Kay Ryan, “Fatal Flaw”

Fatal Flaw (from Erratic Facts)
Kay Ryan

The fatal flaw
works through
the body like
a needle, just
a stitch now
and then, again
and again missing
the heart. Most
people never bend
in the fatal way
at the fatal instant,
although they
harbor a needle
they shouldn’t,
or, conversely,
some critical little
lifesaving sliver
is absent.

Comment:

What we use for repair also destroys us. It sounds a most natural law, this fatal flaw. “The fatal flaw works through the body like a needle, just a stitch now and then, again and again missing the heart.” The heart aches, yearning; the body and spirit suffer; the fatal flaw delivers relief in the service of desire, giving stitches where need be. Yeah, it can break us, but it is who we are. It “works through the body like a needle,” carrying out a mission, evoking our narrowness, pointedness.

“Most people never bend in the fatal way at the fatal instant.” I disagree. The more I get to know people, the more hurt and broken I realize many of us are. One might say that’s not what Ryan’s talking about. She’s talking more or less about an instant where people are completely undone, where we realize we’re living a lie and have to remake our entire lives. But I’d say that’s happening more often than one might think; some of us are remaking ourselves on a weekly if not daily basis. Ah, but those people are still living in some sort of denial, one might say, continuing with inconsistent, but nonetheless real, sense of purpose. They have not completely given up. Again, I’m not so sure. That these issues of self-esteem can be broached with such broad language, I suspect, bolsters my point. We’re hurting, we’re broken, we’re searching for some sense of serious expectation. Something has not treated us well, and the result is that we’re not sure how to treat ourselves well.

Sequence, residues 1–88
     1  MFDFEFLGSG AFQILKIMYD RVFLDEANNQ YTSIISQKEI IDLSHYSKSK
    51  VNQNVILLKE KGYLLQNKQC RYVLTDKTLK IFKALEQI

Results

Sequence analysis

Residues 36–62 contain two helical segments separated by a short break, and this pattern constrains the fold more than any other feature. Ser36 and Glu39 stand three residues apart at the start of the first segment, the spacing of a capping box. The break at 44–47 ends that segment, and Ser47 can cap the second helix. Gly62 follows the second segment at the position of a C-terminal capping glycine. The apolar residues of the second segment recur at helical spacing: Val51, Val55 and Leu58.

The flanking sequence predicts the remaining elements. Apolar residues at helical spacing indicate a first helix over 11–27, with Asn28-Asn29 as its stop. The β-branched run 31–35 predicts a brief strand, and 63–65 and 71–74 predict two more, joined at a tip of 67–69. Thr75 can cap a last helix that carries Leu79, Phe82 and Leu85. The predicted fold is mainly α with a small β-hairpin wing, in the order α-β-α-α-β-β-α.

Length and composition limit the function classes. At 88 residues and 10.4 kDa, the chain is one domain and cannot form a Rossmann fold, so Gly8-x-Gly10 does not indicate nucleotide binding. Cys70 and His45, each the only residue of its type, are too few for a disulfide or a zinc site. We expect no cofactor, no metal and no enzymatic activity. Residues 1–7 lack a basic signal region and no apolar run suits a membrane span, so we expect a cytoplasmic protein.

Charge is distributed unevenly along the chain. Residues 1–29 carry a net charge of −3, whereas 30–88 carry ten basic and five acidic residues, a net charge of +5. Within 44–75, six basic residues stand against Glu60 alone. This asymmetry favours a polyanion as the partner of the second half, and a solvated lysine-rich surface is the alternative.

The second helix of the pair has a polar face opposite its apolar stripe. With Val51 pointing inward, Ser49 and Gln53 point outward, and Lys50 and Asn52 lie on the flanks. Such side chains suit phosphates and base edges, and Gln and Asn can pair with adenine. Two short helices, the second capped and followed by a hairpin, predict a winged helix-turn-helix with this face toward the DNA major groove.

A third objection: my reading of “fatal flaw” is too narrow, as I’m implicitly blaming a sense of expectation, something that may even be societal, for its existence. I’m claiming, in a way, that it is possible to be healthier. The trouble with this objection is that Ryan agrees with me. “Most people never bend in the fatal way at the fatal instant, although they harbor a needle they shouldn’t, or conversely, some critical lifesaving sliver is absent.” In two ways, the poem overtly claims, things could be better. The needle could be absent entirely, or a “critical lifesaving sliver” could be present.

Oh, but the irony is so delicious: you want another fatal flaw to replace the one you have already? Fatal flaws are a most natural law! You can never escape the fact that what you desire can undo you. The needle must always be there, the needle is the “critical lifesaving sliver,” both present and absent. I’ll say this: it isn’t too hard to imagine ourselves healthy and productive, working for larger purposes. I do think that what we use to repair ourselves destroys us, but that’s ultimately a separate issue from the fatal flaw of a given heart, as strange as that sounds. That’s the conclusion I have to reach, given that a “critical lifesaving sliver” isn’t really a needle in the body, but a thought. Just the mere thought that we can serve a variety of ways – they also serve who only stand and wait – that we can be destroyed but not come undone.

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